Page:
Welcome to my world - a blend of passion, taste, and old-world traditions.

Benvenuti nel mio mondo - un mischio di passione, gusto e vecchie tradizioni.

Friday, May 4, 2012

Under the Shade of the Mulberry Tree among Songs and Tobacco

Sotto l'Ombra del Gelso tra Canti e Tabacco

Mulberry tree

In late March, as I pruned our small mulberry tree, my taste buds took off remembering things from childhood my mind had almost forgotten.

My childhood was spent in Abruzzo, post World War II.  We lived in the city but we also owned a small farmhouse (masseria).  The farmhouse was open from early spring through late fall and mainly used to provide shelter during the harvesting of wheat, tobacco and grapes.  In front of the farmhouse, there was an impressive and ancient mulberry tree. 

It was beautiful but it was also functional.  Its fruit-laden green branches shaded our family and others from the hot summer sun, especially during the tobacco harvest. 
Tobacco field

Harvesting tobacco took place from late June through September.  It was grueling work because the green tobacco leaves had to be gathered at dawn and stringed, all within the same day.  My father, together with other family members, would do the “cropping”, (pulled leaves from the base of the plants).  The large leaves slapped their faces and dark tobacco sap, which dried into a dark gum, covered their bodies. 
Woman "cropper"

The “stringing” was done by my mother, female relatives and myself. We sat on the ground in a circle under the mulberry tree and at the center laid a mountain of delicately assembled green tobacco leaves.

Women and children "stringing"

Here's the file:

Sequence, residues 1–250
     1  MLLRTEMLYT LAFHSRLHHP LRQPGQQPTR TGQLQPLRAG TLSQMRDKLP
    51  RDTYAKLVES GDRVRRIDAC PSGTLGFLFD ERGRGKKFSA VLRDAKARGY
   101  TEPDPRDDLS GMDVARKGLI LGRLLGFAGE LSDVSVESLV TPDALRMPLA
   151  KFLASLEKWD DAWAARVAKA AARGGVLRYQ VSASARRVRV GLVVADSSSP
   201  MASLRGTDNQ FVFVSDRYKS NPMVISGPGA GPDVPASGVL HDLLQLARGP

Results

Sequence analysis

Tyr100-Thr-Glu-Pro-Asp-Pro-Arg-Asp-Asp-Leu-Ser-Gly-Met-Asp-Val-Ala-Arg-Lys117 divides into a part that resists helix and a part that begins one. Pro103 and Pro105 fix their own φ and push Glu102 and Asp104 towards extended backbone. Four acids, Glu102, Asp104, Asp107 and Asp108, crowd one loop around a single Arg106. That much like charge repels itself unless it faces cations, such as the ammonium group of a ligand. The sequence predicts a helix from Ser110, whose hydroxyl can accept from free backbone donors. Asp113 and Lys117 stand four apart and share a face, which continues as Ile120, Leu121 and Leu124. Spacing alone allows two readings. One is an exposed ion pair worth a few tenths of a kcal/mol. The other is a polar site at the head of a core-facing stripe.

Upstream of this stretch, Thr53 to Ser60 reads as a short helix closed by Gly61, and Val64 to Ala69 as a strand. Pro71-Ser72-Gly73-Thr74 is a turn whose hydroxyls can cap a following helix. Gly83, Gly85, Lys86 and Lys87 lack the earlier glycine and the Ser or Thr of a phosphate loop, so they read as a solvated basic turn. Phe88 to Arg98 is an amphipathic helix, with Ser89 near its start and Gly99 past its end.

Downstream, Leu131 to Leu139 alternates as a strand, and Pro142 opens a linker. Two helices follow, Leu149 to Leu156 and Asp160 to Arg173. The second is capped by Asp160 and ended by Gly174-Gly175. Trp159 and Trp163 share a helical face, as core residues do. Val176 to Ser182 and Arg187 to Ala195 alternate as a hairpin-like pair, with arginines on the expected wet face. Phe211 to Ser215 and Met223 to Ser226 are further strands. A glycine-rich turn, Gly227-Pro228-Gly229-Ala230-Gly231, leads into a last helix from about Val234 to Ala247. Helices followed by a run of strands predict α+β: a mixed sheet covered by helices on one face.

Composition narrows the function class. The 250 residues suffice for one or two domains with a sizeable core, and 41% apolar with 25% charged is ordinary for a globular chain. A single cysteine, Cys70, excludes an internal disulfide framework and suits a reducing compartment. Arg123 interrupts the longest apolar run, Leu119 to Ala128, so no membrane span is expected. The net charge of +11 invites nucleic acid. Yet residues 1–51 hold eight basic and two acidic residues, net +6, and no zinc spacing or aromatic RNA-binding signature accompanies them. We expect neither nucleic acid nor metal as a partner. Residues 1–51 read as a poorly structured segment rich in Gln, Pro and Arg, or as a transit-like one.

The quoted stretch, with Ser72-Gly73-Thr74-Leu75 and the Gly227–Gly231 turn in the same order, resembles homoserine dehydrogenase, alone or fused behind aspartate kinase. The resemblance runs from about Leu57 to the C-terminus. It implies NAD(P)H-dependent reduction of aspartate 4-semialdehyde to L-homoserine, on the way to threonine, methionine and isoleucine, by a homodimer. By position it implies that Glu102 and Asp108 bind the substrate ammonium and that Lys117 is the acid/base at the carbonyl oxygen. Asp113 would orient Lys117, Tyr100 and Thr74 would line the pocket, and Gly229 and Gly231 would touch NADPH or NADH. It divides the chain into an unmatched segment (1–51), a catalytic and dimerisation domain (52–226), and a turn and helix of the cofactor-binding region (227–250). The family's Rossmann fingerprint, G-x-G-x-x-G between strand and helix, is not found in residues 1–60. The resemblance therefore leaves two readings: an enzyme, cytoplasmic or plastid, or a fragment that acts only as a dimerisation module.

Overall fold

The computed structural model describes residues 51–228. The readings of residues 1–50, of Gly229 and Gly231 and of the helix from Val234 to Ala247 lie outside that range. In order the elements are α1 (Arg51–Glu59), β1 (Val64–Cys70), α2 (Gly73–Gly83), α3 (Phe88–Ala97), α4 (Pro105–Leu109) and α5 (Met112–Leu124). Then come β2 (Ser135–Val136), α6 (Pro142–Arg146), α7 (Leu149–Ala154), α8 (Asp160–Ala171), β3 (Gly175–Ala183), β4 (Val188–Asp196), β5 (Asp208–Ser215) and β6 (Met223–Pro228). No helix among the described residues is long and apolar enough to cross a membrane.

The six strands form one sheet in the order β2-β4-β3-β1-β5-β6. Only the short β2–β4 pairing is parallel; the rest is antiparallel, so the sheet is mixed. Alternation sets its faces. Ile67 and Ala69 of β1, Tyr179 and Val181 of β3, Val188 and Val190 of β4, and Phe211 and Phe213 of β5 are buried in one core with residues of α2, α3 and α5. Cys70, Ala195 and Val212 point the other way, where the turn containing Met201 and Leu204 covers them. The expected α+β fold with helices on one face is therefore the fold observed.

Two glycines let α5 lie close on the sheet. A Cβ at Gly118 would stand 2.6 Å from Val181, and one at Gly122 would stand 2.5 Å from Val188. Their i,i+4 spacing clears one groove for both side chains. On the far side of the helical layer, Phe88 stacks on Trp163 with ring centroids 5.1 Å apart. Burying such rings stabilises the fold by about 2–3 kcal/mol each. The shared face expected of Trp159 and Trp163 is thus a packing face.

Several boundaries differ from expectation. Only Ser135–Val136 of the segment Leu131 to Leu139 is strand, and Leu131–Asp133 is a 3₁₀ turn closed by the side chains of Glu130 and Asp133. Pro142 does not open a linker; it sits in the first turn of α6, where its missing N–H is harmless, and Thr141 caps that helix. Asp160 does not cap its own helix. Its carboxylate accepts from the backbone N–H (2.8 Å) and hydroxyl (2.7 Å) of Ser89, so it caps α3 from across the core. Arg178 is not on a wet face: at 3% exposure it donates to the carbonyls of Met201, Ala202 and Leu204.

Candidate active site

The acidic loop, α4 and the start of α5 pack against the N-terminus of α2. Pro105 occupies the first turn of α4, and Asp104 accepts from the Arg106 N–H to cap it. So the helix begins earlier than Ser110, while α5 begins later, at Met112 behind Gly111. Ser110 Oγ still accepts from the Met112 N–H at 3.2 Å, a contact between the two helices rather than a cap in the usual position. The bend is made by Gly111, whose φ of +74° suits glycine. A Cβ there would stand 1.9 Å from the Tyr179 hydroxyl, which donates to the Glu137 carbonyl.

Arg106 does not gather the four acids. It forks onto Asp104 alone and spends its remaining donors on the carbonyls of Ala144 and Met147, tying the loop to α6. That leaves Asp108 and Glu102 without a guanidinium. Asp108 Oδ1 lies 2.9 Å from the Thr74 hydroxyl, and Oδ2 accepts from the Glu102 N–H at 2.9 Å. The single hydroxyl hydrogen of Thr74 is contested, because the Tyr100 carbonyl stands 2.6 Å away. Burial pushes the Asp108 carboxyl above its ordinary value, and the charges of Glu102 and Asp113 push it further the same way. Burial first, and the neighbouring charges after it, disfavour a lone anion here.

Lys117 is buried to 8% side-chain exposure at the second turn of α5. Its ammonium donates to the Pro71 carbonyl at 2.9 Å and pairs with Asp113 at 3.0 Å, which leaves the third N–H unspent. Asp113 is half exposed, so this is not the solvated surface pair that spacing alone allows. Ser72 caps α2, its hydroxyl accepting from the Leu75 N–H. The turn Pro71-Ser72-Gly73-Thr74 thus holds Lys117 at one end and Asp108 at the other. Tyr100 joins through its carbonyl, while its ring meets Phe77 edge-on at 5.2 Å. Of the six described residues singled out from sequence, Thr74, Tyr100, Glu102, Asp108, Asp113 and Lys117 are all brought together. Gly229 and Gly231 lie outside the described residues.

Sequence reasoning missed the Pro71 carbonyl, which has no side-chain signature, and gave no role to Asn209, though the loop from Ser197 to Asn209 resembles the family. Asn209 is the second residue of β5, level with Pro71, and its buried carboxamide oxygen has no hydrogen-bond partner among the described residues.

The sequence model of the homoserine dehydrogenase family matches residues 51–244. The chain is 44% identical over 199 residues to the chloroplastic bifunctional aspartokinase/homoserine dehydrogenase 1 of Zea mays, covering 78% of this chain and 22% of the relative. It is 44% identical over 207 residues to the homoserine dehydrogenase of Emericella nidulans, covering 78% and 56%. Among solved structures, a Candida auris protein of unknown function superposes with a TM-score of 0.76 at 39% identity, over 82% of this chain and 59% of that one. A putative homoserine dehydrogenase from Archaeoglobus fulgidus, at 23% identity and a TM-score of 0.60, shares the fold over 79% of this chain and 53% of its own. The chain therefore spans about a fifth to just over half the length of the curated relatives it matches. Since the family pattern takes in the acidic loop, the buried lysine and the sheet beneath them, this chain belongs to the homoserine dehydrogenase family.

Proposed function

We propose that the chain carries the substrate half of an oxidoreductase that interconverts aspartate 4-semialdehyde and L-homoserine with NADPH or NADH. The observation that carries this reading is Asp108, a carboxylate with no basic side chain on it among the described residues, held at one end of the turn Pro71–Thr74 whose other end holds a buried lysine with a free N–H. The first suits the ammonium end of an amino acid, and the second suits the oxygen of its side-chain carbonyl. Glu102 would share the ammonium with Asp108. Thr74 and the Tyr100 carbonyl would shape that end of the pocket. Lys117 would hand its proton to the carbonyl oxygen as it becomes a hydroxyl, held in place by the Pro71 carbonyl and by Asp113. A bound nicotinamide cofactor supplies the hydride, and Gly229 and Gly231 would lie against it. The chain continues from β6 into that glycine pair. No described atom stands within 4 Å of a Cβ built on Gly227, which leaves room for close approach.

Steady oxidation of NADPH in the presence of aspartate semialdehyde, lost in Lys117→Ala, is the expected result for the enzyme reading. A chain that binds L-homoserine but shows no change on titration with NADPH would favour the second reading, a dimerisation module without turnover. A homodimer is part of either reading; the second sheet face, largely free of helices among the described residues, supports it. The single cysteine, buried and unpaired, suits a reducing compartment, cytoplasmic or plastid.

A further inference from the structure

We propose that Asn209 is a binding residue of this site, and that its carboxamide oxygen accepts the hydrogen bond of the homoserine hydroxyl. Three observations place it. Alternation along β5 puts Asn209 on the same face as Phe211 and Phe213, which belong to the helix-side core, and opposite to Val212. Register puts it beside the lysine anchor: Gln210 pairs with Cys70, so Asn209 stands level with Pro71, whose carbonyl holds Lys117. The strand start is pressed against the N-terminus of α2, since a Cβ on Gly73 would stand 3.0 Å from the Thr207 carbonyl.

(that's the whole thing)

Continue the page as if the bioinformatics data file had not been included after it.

The “stringing” was accomplished by using a long, flat, steel needle with string.  A strong string was inserted into the eye of the needle.  The leaves were strung one by one at the base of the rib, all in the same direction.  As the left hand held the big tobacco leaves from the stalk, the right hand pushed the needle through each leaf. 

Stringing needle (Ago)

After filling the needle, one hand held the tip of the needle and the other pushed the row of leaves to the bottom of the string creating bundles or necklaces (crolli). The women’s movements were quick, methodical and mechanical. 

Bundles (Crolli)

Once bundled, the necklaces were hung on wooden structures (telai) in such a way as not to touch the ground.  Now, the tobacco was ready for sun-curing.


In the sweltering afternoons, not to fall asleep, the women sang in chorus.  Once in a while, with bitter-tasting hands from the tobacco sap, we managed to reach for some plump and sugary mulberries.

Mulberries (gelsi)

Every summer, I seek to recapture those childhood memories by reaching for a few mulberries and singing few verses that remain engraved in my heart.

http://youtu.be/WJyHLVxpk7k - Amor dammi quel fazzolettino

http://youtu.be/CQhnBBVuGk0 - Reginella Campagnola

https://youtu.be/T0VFLONPr3U - Calabrisella